While Atlanta battled past Connecticut by shutting down Tina Charles, the Fever present rather different issues. Their post game is limited, to say the least. Tammy Sutton-Brown will finish at the rim if someone hands her the ball for a wide open layup, but that’s about it. Tangela Smith will take most of her shots from around the three-point line. The only real post offense the Fever will produce is from Catchings occasionally setting up down there, and Jessica Davenport off the bench. Which leaves the main offensive threats on the perimeter. Catchings had a rollercoaster series against New York, starting off hot in Game 1 before taking a hit to the head from Nicole Powell; looking exhausted in an awful Game 2; then leading the team through Game 3 with her heart and desire. She had solid numbers in all three games she played against the Dream this year, and won’t be remotely fazed by facing Angel McCoughtry, but they need the Catch from Games 1 and 3 to win this series. Half-a-Catch won’t get it done against this team. Fortunately for the Fever, Katie Douglas had a heck of a series against the Liberty. Having apparently snapped out of her quiet second half to the regular season, she was firing away from deep, driving when the option presented itself, and generally leading the Fever’s offensive attack. All while chasing Cappie Pondexter around at the other end. With that Katie Douglas working alongside Catchings, Indiana have a chance to beat anyone. Finally, Erin Phillips will start at point guard, and given how abominable backup Shannon Bobbitt has been lately better prepare herself for playing 35 minutes a night. She can knock down the big shot and provide an extra option to create offense, all while buzzing around as a defensive pest. She’s also lit Atlanta up for 21 points twice this season in three appearances against them, so apparently she has no problem with Lindsey Harding’s defense. Their matchup could be an interesting one to watch.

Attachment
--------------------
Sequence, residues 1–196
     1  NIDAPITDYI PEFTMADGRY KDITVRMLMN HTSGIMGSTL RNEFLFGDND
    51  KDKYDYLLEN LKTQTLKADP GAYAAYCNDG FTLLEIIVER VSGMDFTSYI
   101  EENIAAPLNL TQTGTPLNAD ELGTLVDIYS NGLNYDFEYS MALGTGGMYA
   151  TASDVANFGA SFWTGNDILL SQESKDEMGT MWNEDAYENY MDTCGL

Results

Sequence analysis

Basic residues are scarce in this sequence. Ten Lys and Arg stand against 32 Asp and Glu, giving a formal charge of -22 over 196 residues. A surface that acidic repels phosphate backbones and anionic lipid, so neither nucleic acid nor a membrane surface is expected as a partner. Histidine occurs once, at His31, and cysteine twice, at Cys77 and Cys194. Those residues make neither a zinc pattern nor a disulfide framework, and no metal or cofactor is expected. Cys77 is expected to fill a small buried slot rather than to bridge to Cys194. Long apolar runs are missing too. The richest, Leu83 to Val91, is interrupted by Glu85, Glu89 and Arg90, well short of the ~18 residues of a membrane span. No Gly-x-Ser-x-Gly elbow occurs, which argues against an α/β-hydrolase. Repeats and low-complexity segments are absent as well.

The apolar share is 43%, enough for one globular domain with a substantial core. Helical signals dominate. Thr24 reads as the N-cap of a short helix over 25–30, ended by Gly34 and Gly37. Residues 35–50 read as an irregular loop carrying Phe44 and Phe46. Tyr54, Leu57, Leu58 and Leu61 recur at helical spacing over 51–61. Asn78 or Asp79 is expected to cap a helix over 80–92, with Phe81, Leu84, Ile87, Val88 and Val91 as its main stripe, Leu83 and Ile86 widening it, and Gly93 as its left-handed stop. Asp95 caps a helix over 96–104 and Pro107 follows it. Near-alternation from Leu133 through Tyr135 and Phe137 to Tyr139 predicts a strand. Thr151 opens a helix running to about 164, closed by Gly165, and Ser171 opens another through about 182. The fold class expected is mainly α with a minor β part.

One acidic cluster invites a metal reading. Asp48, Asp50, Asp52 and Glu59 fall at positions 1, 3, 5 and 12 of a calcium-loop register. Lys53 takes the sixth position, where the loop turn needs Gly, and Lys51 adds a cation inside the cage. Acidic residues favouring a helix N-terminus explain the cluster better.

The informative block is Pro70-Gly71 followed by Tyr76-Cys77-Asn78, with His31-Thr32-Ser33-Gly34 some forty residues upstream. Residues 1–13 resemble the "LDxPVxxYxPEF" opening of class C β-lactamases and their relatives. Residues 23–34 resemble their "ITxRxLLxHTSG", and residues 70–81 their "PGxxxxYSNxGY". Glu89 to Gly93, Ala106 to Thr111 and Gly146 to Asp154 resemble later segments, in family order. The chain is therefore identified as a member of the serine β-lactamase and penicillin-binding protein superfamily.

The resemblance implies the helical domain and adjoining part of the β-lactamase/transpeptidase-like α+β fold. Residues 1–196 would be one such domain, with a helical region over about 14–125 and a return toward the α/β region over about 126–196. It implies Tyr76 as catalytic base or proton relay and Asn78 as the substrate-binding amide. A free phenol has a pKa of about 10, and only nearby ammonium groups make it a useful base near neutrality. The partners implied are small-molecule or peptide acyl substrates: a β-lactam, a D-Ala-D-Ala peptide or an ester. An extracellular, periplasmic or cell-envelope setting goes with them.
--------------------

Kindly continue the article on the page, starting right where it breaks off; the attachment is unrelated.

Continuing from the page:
For the Dream, it’s going to be intriguing to see which version shows up. So many times this year they were led by the driving and gunning of Angel McCoughtry. But in the Eastern Conference semi-finals against Connecticut, she misfired and the Dream’s balance across their starting five carried them. Harding and Armintie Price took over the driving responsibilities with some assistance from Iziane Castro Marques off the bench, while Sancho Lyttle paired with Erika de Souza to shut down the paint defensively and add a few points themselves. Whether McCoughtry can get into the lane and force her way to the free throw line will be important to this series – especially as Catchings will be defending her most of the time and McCoughtry needs to keep her occupied – but Atlanta have more options these days. Other people who can produce. Indiana are likely screwed if Catchings isn’t her real self for the series; Atlanta might be able to win anyway with half-an-Angel.